Prognosis[edit]

Sleep paralysis poses no serious health risk to those that experience it, despite the fact that it can be an intensely terrifying experience.[2]

Epidemiology[edit]

Isolated sleep paralysis is commonly seen in patients that have been diagnosed with narcolepsy. Approximately 30-50% of people that have been diagnosed with narcolepsy have experienced sleep paralysis as an auxiliary symptom.[1][21] The prevalence of sleep paralysis in the general population is approximately 6.2%. A majority of the individuals who have experienced sleep paralysis have sporadic episodes that occur once a month to once a year. Only 3% of individuals experiencing sleep paralysis that is not associated with a neuromuscular disorder have nightly episodes, as mentioned earlier, these individuals are diagnosed as having RISP.[1] Sleep paralysis is just as common for males as it is for females, however, different age groups have been found to be more susceptible to developing isolated sleep paralysis. Approximately 36% of the general population that experiences isolated sleep paralysis is likely to develop it between 25 and 44 years of age.[1]

History[edit]

The original definition of sleep paralysis was codified by Samuel Johnson in his A Dictionary of the English Language as nightmare, a term that evolved into our modern definition. Such sleep paralysis was widely considered to be the work of demons, and more specifically incubi, which were thought to sit on the chests of sleepers. In Old English the name for these beings was mare or mære (from a proto-Germanic *marōn, cf. Old Norse mara), hence comes the mare part in nightmare. The word might be etymologically cognate to Greek Marōn (in the Odyssey) and Sanskrit Māra.

Various forms of magic and spiritual possession were also advanced as causes. In nineteenth century Europe, the vagaries of diet were thought to be responsible. For example, in Charles Dickens's A Christmas Carol, Ebenezer Scrooge attributes the ghost he sees to "... an undigested bit of beef, a blot of mustard, a crumb of cheese, a fragment of an underdone potato..." In a similar vein, the Household Cyclopedia (1881) offers the following advice about nightmares:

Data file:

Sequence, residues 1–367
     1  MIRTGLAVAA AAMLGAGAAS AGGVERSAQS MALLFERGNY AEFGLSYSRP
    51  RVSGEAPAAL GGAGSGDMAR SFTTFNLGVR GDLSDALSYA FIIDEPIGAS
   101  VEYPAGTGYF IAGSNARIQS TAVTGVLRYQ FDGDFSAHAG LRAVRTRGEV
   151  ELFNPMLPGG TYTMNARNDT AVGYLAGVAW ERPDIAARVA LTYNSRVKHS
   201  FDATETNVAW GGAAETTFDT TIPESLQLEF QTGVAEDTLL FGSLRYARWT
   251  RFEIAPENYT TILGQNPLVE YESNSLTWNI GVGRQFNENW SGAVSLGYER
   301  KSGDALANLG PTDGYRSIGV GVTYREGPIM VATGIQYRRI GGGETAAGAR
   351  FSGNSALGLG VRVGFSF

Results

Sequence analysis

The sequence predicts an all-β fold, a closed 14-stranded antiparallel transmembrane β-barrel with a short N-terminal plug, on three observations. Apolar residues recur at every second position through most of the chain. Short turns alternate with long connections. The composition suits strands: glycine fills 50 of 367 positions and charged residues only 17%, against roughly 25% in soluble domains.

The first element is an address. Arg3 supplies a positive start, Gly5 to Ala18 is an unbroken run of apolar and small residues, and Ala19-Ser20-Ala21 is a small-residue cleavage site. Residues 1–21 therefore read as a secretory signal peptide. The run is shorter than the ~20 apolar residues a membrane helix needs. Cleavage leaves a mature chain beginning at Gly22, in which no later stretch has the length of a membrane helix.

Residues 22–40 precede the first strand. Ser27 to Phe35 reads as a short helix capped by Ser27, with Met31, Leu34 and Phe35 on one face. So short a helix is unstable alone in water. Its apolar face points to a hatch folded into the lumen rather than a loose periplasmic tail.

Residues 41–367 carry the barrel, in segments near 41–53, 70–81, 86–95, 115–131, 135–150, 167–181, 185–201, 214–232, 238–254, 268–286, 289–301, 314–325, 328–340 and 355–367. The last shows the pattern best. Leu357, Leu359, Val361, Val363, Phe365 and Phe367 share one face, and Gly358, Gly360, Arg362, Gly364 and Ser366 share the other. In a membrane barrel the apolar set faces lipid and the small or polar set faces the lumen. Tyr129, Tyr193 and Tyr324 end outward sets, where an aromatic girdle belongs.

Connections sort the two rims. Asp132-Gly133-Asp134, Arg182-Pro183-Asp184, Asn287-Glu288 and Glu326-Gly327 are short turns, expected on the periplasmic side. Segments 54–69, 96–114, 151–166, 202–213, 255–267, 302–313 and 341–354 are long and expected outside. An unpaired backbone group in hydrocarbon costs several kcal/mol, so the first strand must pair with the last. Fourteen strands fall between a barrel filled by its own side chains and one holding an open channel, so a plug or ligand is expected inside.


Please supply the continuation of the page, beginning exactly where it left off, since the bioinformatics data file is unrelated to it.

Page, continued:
"Great attention is to be paid to regularity and choice of diet. Intemperance of every kind is hurtful, but nothing is more productive of this disease than drinking bad wine. Of eatables those which are most prejudicial are all fat and greasy meats and pastry... Moderate exercise contributes in a superior degree to promote the digestion of food and prevent flatulence; those, however, who are necessarily confined to a sedentary occupation, should particularly avoid applying themselves to study or bodily labor immediately after eating... Going to bed before the usual hour is a frequent cause of night-mare, as it either occasions the patient to sleep too long or to lie long awake in the night. Passing a whole night or part of a night without rest likewise gives birth to the disease, as it occasions the patient, on the succeeding night, to sleep too soundly. Indulging in sleep too late in the morning, is an almost certain method to bring on the paroxysm, and the more frequently it returns, the greater strength it acquires; the propensity to sleep at this time is almost irresistible."[22]

Society and culture[edit]

Folklore[edit]

East Asia[edit]

South-East Asia[edit]

South Asia[edit]

Middle-East, Western and Central Asia[edit]

Africa[edit]

Europe[edit]

Americas[edit]

See also[edit]

References[edit]

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  27. ^ ผีอำ
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External links[edit]